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Too Many Chemo Drugs May Make Matters Worse

If two is good four is better; isn’t that the mentality of the orthodox medical profession?  Two aspirins don’t work; well, take four! It’s nonsense, of course. Especially in respect of chemotherapy, which is highly toxic.  Taking one drug is bad enough, taking two is pretty horrible, but there can be virtually no logical foundation for giving a patient three or four chemo drugs simultaneously.  Of course the shaky theory is that by tackling a tumour using different chemical mechanisms, we can get a better result. But that ignores the adding together of the toxic aspect of the treatment. It defies all reason that if one toxin comes close to killing the patient, three or four toxic substances are going to be no more deleterious. Yet this approach is exactly what’s been happening in a recent trial conducted in Holland; adding a fourth anti-cancer drug to a three-medication treatment actually makes things worse for people with advanced colorectal cancer. The average survival time for people in the trial who got the four-drug combination was 9.4 months, compared with 10.7 months for those given the three-medication regimen. Also, adverse drug reactions were more frequent in those given the four drugs. The study of 755 people whose colorectal cancers had spread to other parts of the body was done because not only animal studies but two smaller human trials had found...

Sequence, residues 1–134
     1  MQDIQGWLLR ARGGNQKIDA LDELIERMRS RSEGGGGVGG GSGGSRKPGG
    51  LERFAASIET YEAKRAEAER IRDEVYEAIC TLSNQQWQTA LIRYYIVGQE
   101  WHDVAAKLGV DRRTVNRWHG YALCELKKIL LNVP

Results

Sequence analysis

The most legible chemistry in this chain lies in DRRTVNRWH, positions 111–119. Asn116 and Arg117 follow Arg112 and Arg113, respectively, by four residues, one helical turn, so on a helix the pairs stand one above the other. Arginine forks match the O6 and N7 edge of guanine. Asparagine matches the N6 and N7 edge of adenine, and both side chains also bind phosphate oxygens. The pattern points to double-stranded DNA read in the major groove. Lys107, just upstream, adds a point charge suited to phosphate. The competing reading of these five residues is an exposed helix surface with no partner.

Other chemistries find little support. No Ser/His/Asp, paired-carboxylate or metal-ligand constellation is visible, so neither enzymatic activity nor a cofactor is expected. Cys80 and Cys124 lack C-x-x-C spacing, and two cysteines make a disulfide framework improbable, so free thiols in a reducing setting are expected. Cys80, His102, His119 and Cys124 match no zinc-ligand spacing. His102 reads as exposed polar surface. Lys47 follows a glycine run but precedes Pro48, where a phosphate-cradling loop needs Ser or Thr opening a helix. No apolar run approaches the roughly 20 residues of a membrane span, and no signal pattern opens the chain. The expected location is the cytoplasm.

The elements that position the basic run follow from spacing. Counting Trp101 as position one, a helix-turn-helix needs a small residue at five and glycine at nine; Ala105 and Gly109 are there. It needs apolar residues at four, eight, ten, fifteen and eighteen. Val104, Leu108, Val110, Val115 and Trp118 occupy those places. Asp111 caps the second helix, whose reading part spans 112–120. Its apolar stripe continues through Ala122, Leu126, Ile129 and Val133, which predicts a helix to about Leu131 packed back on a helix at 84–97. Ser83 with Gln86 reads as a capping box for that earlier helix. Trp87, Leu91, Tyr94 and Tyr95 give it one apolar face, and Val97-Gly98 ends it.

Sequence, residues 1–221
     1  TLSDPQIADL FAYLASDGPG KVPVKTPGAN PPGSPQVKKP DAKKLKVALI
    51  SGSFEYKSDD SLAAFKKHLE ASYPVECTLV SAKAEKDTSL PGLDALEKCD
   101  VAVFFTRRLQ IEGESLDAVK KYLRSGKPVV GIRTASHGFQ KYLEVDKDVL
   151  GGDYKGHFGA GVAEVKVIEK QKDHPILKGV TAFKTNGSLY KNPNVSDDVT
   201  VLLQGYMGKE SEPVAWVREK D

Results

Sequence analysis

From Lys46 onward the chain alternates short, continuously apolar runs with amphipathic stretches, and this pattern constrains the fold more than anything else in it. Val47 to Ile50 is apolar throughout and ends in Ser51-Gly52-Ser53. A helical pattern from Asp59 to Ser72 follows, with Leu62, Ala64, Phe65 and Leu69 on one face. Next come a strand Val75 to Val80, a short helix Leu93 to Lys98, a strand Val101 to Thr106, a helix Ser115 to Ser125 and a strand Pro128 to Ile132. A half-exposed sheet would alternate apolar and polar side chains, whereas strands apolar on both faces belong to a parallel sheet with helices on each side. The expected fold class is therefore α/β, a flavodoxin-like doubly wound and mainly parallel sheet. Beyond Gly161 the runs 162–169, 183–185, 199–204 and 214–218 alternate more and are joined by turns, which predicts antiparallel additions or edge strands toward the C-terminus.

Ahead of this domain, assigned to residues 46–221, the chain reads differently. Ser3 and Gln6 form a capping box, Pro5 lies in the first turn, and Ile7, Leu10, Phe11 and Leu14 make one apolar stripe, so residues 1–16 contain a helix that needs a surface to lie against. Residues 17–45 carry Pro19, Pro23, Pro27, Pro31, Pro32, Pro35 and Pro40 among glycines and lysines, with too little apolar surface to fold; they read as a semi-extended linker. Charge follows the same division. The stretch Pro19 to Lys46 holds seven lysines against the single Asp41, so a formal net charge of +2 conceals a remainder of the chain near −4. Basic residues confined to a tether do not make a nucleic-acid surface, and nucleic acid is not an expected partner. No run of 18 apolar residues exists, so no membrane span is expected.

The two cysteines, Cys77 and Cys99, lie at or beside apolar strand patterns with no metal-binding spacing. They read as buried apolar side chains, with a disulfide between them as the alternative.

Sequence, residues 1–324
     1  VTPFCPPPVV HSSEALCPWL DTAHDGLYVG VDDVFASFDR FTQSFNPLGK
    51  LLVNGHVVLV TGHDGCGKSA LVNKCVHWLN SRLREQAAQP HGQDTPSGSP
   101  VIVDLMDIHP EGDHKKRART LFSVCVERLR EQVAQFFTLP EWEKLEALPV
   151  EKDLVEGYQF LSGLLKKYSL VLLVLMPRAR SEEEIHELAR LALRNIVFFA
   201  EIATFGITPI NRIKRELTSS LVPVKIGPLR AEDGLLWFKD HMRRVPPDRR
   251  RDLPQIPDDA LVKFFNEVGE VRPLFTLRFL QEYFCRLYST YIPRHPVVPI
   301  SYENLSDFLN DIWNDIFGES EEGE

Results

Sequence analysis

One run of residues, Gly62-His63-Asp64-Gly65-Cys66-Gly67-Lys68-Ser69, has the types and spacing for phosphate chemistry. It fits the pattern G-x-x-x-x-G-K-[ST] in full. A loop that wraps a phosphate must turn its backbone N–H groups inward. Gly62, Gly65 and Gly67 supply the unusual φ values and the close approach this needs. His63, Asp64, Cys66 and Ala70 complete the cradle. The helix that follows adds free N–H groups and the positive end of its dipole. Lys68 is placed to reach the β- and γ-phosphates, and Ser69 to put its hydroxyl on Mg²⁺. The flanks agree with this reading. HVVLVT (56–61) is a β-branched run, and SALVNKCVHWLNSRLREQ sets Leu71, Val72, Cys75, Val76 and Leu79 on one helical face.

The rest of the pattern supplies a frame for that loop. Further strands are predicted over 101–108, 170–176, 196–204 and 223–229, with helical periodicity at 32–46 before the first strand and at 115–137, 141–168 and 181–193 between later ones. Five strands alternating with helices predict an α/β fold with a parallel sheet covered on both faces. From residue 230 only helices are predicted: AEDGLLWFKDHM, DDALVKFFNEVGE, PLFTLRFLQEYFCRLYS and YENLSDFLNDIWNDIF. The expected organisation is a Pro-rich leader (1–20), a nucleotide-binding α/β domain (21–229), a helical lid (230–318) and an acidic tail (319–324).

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From the Desk of Dr. Keith